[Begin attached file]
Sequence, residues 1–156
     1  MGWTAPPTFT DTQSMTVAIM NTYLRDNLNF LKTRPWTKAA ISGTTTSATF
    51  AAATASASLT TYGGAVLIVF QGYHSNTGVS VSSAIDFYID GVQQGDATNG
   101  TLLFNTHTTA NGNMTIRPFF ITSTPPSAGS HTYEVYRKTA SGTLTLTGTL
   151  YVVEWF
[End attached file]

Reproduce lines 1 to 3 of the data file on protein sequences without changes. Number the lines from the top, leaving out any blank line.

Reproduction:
Sequence, residues 1–156
     1  MGWTAPPTFT DTQSMTVAIM NTYLRDNLNF LKTRPWTKAA ISGTTTSATF
    51  AAATASASLT TYGGAVLIVF QGYHSNTGVS VSSAIDFYID GVQQGDATNG